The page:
‘We have an infinite capacity for joy,’ says novelist Eden Robinson
June 21 is National Indigenous Peoples Day in Canada. First celebrated in 1996, the day — which falls on the summer solstice — is meant to recognize and honour First Nations, Inuit and Métis cultures.
Unreserved asked a few friends of the show — Indigenous people who are celebrated in their own right — what National Indigenous Peoples Day means to them and how to best spend the day.
Joy after a difficult year
Award-winning author Eden Robinson’s West Coast culture is “extremely social.” But because of the COVID-19 pandemic, she’s been bubbled up with her family. It’s been a long time since many in her community gathered all together.
“I’m looking forward to the first time that we break bread together again,” Robinson said.
Robinson, who is Haisla and Heiltsuk, often spends National Indigenous Peoples Day at George Little Park in Terrace, B.C., listening to musical performances and enjoying barbecued delicacies.
“There will be amazing food there. Some of it will be traditional, some of it will be adopted, but it will all be good.”
The last couple of years have been difficult, the author said. “Not just with COVID, but I’m thinking particularly about the 215 children found at the Kamloops Indian Residential School.”
Findings in May 2021 at the site of the former residential school in British Columbia showed 215 potential burial sites. Since then, similar discoveries have been made at a number of residential school sites across the country.
“When people talk about us or when they talk to us, these are the stories that they bring up. They bring up our deepest grief and trauma. So what I like about Indigenous Day is that people are celebrating our cultures, they’re celebrating our communities,” Robinson said.
“We ourselves are celebrating the things that bring us joy, and usually that’s our heritage,” she continued. “I know that last year was exceptionally hard, and no one really felt like celebrating, but we have an infinite capacity for joy.”
Healing through laughter
Anishinaabe social media influencer Sherry Mckay, from Sagkeeng First Nation in Manitoba, said she creates her online content — which has earned her more than 500,000 followers on online video service TikTok — to celebrate being Indigenous.
In her eyes, it serves the same main purpose as National Indigenous Peoples Day — celebration.
“When I think of National Indigenous Peoples Day, I think of celebration. I think of laughter. I think of family,” Mckay said.
“I think of gatherings and the pieces that have been missing for decades, before the celebration of our language and our culture and our ceremonies, and remembering our relatives and our ancestors who weren’t able to celebrate those things.”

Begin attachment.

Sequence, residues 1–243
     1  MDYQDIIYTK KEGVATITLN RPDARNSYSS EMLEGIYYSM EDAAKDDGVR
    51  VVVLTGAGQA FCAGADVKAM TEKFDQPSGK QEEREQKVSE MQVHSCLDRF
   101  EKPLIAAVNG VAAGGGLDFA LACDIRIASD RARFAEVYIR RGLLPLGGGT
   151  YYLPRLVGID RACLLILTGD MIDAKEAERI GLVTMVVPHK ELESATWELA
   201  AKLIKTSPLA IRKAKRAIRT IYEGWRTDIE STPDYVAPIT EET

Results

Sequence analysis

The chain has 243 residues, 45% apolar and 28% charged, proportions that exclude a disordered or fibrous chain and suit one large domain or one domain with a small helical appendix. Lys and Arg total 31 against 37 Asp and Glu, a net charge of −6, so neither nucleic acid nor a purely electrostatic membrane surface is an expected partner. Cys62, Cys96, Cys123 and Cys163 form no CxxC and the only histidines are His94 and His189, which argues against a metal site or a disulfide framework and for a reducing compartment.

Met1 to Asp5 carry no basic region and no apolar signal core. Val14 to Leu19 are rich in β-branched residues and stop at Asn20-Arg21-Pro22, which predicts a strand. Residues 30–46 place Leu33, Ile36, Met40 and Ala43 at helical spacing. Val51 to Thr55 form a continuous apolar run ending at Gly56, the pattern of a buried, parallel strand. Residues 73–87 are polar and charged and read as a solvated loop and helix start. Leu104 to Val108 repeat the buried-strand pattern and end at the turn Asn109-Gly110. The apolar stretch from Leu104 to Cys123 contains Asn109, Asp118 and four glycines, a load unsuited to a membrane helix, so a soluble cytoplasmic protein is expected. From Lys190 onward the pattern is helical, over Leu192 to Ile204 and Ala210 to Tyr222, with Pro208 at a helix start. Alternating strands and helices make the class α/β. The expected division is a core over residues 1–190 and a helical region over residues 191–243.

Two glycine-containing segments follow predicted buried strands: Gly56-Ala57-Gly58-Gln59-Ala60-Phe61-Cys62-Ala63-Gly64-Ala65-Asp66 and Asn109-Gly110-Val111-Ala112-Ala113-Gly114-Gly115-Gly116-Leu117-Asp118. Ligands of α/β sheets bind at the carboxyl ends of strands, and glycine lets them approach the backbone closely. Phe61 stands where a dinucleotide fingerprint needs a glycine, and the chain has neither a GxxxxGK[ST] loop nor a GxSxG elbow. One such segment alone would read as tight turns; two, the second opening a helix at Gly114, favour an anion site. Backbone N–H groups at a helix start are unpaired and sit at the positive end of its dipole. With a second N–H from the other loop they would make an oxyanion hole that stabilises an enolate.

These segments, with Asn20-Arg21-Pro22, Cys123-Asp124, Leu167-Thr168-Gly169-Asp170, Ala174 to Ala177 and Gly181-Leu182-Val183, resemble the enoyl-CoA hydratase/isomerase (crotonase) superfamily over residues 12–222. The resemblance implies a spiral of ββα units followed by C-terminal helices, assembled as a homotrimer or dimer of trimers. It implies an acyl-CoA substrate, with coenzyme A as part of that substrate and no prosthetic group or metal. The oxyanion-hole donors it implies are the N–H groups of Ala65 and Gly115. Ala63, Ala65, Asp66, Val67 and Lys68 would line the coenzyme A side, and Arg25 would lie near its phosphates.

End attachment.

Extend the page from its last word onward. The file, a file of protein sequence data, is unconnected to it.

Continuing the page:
The TikTok star brings awareness to Indigenous issues with comedy because, she says, laughing together brings healing.
“I don’t know if it’s the laughter itself or if it’s, you know, the laughter that we have with our loved ones. Those big auntie laughs and those big uncle laughs are very healing.”
Mckay marked National Indigenous Peoples Day as a dignitary in the grand entry at APTN’s live event on Saturday, held at The Forks in Winnipeg. She says it’s one of the biggest honours she’s ever received and proof to her that her content and comedy are touching a lot of people.
“I know [my work] reaches a lot of youth. And that to me is so incredibly important.”
An opportunity to learn
As the cultural guardian for the Innu Nation in Labrador, Jodie Ashini works to preserve and promote her culture.
When asked about National Indigenous Peoples Day, she thinks about her daughter, who’s six years old and, with darker skin, is visibly Indigenous.
“I was a pale Native, so I almost didn’t fit in on either side. I was either red skin or I was either white skin, so I [spent] a lot of time trying to fit in, trying to figure out who I was growing up,” Ashini said.
“But I’m just really afraid for my little girl to have to suffer that heartache of not fitting in just because of who you are.”
How colonization affected and still affects the Innu is a story a lot of people do not know, Ashini said. That’s why June 21 is a perfect opportunity for non-Indigenous Canadians to learn about Indigenous peoples and their cultures — and take steps toward equality.
“It’s so important for us. This is a day to feel acknowledged in a country where you feel so little, where we still have to fight for our rights and freedoms,” she said.
“Go talk to somebody that you know that’s an Indigenous person, [and] you can learn a whole lot,” Ashini added. “Learn an oral story, learn a recipe and learn about their great-great-grandparents.”
And hopefully, if this learning continues, she says, one day her daughter will fit in wherever she goes.
“I hope we can have [that] equality, when our cultures and people are recognized, and we don’t have to feel different. We don’t have to feel the injustices.”
Related stories from around the North:
Finland: In wake of resignations, Sami Parliament to review functioning of Finland’s Truth and Reconciliation Commission, Eye on the Arctic
Norway: Indigenous and minority language names for Norway now have official status, The Independent Barents Observer
Sweden: Can cross-border cooperation help decolonize Sami-language education, Eye on the Arctic
United States: Int’l Inuit org releases protocols for researchers, institutions and policy makers in the Arctic, Eye on the Arctic